One of the most frequent questions I get about testing is,
“Which test should I use?
Which one is best?
How do I choose
From the CAT, SAT, MAT, or Iowa Test?”
Well, maybe not in such Seussical style, but you get the idea! The CAT (The California Achievement Test), SAT (Stanford 10), Metropolitan Achievement Test (MAT), and Iowa Test of Basic Skills … these are just a few of the many options available to home-educating parents for assessment of progress. How’s a parent to choose? Here are a few tips to help you decide.
What is your purpose in testing?
If you are testing as a diagnostic tool–for assessment or placement– you’ll want a test that gives fairly comprehensive results. If you are testing only to have a score to submit to satisfy statutory requirements, the basic category scores may be sufficient for you. Many test providers offer sample results reports so you can get an idea of what information you’ll receive back. For example, where one test may provide scores in reading, math problem solving, math computation, language mechanics, and language expression, another test may break those down even further to scores in math computation with fractions, then with decimals and whole numbers; capitalization, usage, punctuation, sentence structure, thinking skills, and more.
Will any statutory requirements influence your needs?
In most cases—unless specified otherwise in your state’s requirements—the basic battery of language arts and math is sufficient and will give you a basic battery composite score. Unless your state law mandates testing in the content areas of social studies or science, it is not generally advisable to spend your time or money on that optional portion of a test. Your child may or may not have studied the same content in social studies and science as the norm group—as opposed to language arts and math, which are skills subjects and usually track similarly from curriculum to curriculum. When in doubt, members should consult their HSLDA legal staff or their state organization.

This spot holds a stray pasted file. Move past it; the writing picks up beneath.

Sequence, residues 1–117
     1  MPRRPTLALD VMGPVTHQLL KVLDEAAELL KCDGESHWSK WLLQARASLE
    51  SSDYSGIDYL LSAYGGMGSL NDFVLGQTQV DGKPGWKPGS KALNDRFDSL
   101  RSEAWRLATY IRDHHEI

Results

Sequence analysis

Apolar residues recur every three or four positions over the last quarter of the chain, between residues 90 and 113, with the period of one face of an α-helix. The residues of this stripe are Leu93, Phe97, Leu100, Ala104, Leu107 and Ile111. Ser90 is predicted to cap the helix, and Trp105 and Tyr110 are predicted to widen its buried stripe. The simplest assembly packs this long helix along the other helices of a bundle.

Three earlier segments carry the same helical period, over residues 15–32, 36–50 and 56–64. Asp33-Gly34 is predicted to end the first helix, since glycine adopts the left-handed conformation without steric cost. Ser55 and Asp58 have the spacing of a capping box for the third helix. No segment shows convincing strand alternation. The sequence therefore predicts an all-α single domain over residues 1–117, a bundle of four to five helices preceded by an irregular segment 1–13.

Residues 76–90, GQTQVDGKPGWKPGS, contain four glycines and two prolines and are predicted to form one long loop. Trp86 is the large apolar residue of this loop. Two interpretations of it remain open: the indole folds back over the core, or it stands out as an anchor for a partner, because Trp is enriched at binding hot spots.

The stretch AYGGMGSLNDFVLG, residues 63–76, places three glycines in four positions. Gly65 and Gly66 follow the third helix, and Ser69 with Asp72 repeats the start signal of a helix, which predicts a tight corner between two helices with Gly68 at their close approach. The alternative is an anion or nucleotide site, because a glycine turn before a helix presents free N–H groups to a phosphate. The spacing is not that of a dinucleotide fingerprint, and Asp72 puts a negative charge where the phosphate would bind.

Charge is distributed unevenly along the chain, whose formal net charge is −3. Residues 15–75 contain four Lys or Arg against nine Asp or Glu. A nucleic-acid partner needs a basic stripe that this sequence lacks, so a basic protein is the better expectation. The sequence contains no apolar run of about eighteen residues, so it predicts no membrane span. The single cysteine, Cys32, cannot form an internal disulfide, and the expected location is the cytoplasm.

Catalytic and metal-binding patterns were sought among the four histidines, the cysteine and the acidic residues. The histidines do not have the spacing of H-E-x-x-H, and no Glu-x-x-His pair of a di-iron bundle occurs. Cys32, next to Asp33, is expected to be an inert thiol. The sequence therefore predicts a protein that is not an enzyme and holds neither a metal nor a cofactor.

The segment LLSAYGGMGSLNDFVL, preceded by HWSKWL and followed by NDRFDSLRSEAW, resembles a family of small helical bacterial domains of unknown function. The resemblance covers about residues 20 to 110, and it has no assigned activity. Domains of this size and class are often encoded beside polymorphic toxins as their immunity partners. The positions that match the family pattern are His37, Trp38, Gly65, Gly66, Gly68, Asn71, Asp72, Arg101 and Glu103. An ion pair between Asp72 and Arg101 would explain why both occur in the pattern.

Which test is the best fit for your child?
Consider the format that will best reflect your child’s true progress: While a visual learner may test well on paper using the fill-in-the-circles format, a hands-on or auditory learner may be better assessed by an evaluation or a test utilizing personal interaction, such as the Woodcock-Johnson, WRAT, or Brigance, rather than a paper-and-pencil test. In the latter case, some parents choose to administer a paper-and-pencil standardized test earlier in the season, leaving time for a follow-up interactive test or evaluation if the results don’t match what they’ve witnessed in his day-to-day progress. Another option is to choose an untimed test to reduce testing anxiety.
Do I have other options?
If your statute allows for alternative methods of assessment, consider an evaluation or portfolio assessment if standardized testing is not your preference. As always, you’ll want to consider any legal requirements before proceeding. If you will use an outside evaluator, it is helpful to contact her well in advance to be aware of any paperwork she’ll want you to save for her consideration during the year.
If you are testing for placement purposes only or for your own information and do not need to submit scores, consider a placement test, online assessment, or a scope-and-sequence checklist (such as those listed at the end of What Should I Be Teaching?) as a gauge of milestones achieved. For parents wanting a bit more guidance using a skills assessment, The Well-Planned Start booklets from Well-Planned Gal roll those three into one, with specific questions to evaluate your child’s skills.
What does this test tell you?
Check out Testing Basics for more information on testing, including how to prepare for the test and how to interpret the scores.
Remember that a test or evaluation is just one “snapshot” of his academic progress and of your child as a person. He is more than the sum of his test results! This time of year can be a wonderful reminder to thank God for this uniquely gifted child He has given you-and to trust Him to continue to guide your choices and approaches.
For a list of commonly used tests, providers, and other testing resources, print out our free downloadable pdf of Testing Resources.
Nothing in this post should be considered legal advice. Please consult HSLDA or your state organization for more information on your state’s homeschool requirements.
Adapted from Home Education 101 and from a previously published HSLDA newsletter by this author.